Writing to Deadline is my writer’s bible. I’m nervous about even mentioning it in the same way that evil supervillains in Hollywood films ought to be nervous about monologuing their plans for world domination – it helps the competition! Still, I want to be a mensch and spread some good karma, so here is my review.
It is the distillation of Donald Murray’s experience as a journalist and a teacher. It goes straight to the process by which a writer absorbs information from first hand experience, interviews and background research and shapes them into a story which readers will find engaging.
In the 212-page book, Murray talks about how to research a story, how to find the right angle, how to ask the reader’s questions, how to structure a story, even how to write the first sentence (“thirty questions to ask to produce effective leads”).
It is full of hard-won experience and advice from someone who writes at a high level every day. For example, I was struck by Murray’s admission that he sometimes writes as many as 50 opening sentences before writing the rest of the article. He argues that this helps him get the story straight from the beginning. I don’t do this but reading it reinforced in my mind the importance of “writing without writing” as he calls this preparation phase.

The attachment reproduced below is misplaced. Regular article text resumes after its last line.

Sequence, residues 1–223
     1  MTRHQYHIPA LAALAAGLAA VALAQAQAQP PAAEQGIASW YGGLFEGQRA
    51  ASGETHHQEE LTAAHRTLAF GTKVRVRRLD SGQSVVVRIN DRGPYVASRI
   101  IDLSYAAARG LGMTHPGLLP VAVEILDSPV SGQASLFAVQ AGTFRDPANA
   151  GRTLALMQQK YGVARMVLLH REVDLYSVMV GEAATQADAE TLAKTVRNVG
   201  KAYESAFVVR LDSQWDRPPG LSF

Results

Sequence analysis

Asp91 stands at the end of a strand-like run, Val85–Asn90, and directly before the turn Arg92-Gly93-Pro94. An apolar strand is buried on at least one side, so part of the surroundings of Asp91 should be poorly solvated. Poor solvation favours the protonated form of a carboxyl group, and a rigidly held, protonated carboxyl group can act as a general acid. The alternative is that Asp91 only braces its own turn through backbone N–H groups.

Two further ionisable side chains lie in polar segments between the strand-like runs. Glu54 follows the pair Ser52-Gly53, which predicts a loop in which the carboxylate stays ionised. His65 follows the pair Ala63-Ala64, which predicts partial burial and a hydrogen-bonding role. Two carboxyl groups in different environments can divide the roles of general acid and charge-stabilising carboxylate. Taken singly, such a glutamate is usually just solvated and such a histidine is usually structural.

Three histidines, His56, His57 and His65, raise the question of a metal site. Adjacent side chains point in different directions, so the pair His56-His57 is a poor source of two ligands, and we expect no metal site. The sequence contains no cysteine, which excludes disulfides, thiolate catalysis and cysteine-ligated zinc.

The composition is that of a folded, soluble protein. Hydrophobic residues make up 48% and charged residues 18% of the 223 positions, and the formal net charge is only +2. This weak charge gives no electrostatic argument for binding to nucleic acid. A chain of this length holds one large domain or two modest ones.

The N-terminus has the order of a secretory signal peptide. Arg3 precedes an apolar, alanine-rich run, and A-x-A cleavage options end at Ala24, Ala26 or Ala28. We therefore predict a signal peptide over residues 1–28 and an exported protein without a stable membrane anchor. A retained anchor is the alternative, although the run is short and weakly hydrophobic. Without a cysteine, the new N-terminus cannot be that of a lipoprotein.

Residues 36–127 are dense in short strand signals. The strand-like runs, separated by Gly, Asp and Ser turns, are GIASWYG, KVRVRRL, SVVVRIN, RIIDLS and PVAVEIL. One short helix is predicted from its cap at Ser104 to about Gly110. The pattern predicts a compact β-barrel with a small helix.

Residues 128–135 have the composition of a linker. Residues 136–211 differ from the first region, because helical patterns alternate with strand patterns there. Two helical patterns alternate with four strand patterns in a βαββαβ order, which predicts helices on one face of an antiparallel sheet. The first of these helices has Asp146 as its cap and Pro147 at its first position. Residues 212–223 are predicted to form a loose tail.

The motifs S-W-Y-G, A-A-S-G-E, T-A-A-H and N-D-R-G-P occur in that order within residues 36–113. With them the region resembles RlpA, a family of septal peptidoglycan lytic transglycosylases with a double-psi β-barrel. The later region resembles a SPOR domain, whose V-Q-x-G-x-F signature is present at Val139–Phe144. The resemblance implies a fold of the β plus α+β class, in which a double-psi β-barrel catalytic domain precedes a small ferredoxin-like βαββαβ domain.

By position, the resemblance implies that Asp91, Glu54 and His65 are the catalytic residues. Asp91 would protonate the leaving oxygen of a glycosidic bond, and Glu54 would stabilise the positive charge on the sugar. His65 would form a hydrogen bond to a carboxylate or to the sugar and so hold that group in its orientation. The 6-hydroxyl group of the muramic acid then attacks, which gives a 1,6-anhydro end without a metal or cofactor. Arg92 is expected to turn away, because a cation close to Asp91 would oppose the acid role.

Another telling insight was the empahsis on answering the readers’ questions. What will they want to know? What will they find surprising?
While the book is focused on the craft of the newspaper journalist, hence the title, I find that it is as useful for technical or marketing copy. I think this is true for two equally important reasons. First, no-one has a right to readers’ attention and time. We have to earn their trust and win their interest. This is true whether you’re writing a marketing brochure or the lead story in a national newspaper. Second, everyone is familiar with the conventions of newspaper and magazine journalism, which have evolved to serve readers.
Perhaps this area of journalistic conventions is the one area where Murray might seem a bit formalistic, especially to people in the UK who are used to a more subjective and editorialised kind of writing and, in many cases, a much more informal style. Incidentally, it is the formalism of American journalism that makes the satire of The Onion doubly effective. I have a whole thesis about this and perhaps I should save it for another post!
I originally read Writing to Deadline in an afternoon and re-read it every six months or so and I often find myself reaching for it (or the summary notes I made once) when I’m stuck on a writing problem. Of all the writers books I have, this is the one I find most useful. Apart from anything else, it teaches me some humility. Even after five years, I realise I still have a lot to learn.
Buy Writing to Deadline: The Journalist at Work from Amazon.